The economy is sending mixed signals right now.
Inflation reached a four-decade high in May, 8.6%, but there’s solid job growth.
Interest rates are rising, but doesn’t appear to have affected consumer spending much, even though it was down slightly in May, the most current month data are available. And while it has remained a bright spot in the economy along with low unemployment, economists say it could change quickly and signal a recession.
Some see inflation as a sign a recession is looming toward the end of the year and into 2023. Others say we’re entering a boom-and-bust cycle in Oregon, according to a forecast post by Josh Lehner, Oregon Office of Economic Analysis economist.
Inflation likely will drop to about 5% by the end of the year and interest rates will continue to rise as the Federal Reserve raises rates more aggressively, Lehner wrote in his forecast. Any recession will be mild or moderate, Lehner said. For Oregon, that could mean 100,000 jobs lost and an unemployment rate of 9%, according to the projection.
The economy will improve by early 2025, according to Lehner’s projections.
“The future is hard to predict,” said Jeffrey Reimer, Oregon State University professor in the Department of Applied Economics. “It is possible a recession could come this year or in 2023, but it would require a reversal of some current trends. A recession would mean a massive slowdown in consumer spending, declining consumer demand and prices and a reversal of the strong labor market.”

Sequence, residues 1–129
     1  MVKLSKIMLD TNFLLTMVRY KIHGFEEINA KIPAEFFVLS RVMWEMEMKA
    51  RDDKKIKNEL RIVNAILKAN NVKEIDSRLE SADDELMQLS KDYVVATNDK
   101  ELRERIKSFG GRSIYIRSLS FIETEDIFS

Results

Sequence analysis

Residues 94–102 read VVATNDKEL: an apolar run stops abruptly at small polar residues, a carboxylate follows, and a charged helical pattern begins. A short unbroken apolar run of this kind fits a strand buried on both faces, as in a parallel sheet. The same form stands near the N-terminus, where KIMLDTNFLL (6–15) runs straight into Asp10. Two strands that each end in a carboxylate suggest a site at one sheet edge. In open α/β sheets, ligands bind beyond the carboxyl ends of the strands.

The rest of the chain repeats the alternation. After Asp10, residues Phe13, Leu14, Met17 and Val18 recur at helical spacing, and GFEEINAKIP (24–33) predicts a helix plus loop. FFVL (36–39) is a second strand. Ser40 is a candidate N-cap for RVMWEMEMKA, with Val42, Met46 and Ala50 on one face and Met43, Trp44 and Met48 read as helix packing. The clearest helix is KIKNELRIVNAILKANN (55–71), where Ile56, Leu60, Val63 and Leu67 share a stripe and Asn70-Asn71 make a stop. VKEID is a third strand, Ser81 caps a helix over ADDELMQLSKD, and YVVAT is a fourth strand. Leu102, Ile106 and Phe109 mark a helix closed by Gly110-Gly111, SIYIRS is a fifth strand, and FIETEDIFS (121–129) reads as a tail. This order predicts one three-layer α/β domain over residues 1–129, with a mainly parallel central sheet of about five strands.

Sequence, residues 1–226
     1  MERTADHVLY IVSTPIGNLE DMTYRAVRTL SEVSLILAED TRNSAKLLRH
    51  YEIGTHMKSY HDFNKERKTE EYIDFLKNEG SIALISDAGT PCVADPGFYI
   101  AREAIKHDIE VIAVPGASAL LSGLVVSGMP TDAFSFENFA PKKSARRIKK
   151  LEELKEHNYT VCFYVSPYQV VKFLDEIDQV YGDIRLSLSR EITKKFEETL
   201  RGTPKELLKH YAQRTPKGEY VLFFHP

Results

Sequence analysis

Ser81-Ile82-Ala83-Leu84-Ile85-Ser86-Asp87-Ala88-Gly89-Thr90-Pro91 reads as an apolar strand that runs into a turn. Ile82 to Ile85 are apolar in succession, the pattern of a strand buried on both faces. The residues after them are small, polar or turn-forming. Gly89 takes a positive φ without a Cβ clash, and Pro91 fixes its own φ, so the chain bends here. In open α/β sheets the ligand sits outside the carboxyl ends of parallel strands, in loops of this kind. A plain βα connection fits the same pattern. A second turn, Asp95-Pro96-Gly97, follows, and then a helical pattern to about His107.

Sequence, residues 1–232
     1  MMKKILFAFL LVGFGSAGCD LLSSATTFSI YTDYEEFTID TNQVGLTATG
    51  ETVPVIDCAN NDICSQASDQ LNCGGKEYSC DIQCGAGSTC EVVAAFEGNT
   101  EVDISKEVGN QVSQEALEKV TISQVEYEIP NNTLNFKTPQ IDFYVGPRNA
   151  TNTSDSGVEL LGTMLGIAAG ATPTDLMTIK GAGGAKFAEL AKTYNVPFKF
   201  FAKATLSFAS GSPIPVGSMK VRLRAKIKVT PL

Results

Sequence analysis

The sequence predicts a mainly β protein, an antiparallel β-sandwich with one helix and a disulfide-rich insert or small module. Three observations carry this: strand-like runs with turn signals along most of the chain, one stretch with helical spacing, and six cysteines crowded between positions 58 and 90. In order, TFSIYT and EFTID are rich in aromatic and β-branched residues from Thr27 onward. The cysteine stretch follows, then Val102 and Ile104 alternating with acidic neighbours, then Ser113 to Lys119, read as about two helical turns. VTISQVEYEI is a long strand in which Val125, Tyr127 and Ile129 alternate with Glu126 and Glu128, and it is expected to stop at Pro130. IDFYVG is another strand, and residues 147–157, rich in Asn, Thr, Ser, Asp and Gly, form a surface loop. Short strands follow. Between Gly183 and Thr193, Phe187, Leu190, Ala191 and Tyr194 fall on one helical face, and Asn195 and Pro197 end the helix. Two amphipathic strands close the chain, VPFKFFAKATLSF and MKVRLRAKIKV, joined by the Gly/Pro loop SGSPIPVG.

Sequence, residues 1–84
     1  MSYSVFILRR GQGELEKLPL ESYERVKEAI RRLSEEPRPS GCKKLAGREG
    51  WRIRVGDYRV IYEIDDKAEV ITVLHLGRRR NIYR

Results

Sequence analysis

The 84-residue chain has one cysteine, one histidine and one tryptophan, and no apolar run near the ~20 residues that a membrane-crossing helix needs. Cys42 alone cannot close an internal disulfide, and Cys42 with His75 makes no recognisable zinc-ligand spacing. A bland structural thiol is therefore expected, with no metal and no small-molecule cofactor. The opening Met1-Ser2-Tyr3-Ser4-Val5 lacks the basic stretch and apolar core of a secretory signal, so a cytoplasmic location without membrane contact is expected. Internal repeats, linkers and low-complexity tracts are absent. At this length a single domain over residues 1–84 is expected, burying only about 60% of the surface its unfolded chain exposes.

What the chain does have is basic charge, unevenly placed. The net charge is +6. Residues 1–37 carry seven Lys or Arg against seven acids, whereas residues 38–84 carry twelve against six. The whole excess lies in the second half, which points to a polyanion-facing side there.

A recession generally occurs when people keep their wallets shut and there is significant job loss for two consecutive quarters. Economists are keeping a keen eye on these indicators. The Federal Reserve has been working to slow spending by raising interest rates, which makes borrowing more expensive.
“The Federal Reserve has signaled strongly that it intends to quash inflation down to an acceptable level, generally about 2%,” Reimer said. “The Federal Reserve is raising interest rates to make borrowing more expensive and that reduces consumer demand for goods and services, which should lower their prices.”
Unemployment rates in Deschutes County returned to pre-pandemic rate in May, to 3.4%, a fraction above what it was in February 2020, prior to the pandemic. Companies are still offering incentives to workers in the form of signing bonuses, gas gift cards and higher wages.
The average salary in the Bend-Redmond area was $25.39 an hour, according to the U.S. Bureau of Labor Statistics report. That wage is is 6% below the national average of $27.07 an hour.
But as long as there’s job growth and not job cuts, there shouldn’t be a recession, said Tim Duy, University of Oregon economics professor and senior director of the Oregon Economic Forum.
“The Fed’s goal is to have a soft landing,” Duy said. “The Fed hopes to do a slow down in growth by raising interest rates that doesn’t have widespread job losses.”
That would mean a gentle increase in job losses by moving the unemployment rate up slowly, Duy said. Even with the record inflation, consumers are still spending, but are just more selective on their spending, he said.
“The inflation is a factor. It’s the fallout from the fast recovery we underwent from the pandemic recession,” Lehner said. “Everyone is back to work and wages are going up and that’s all driving inflation.”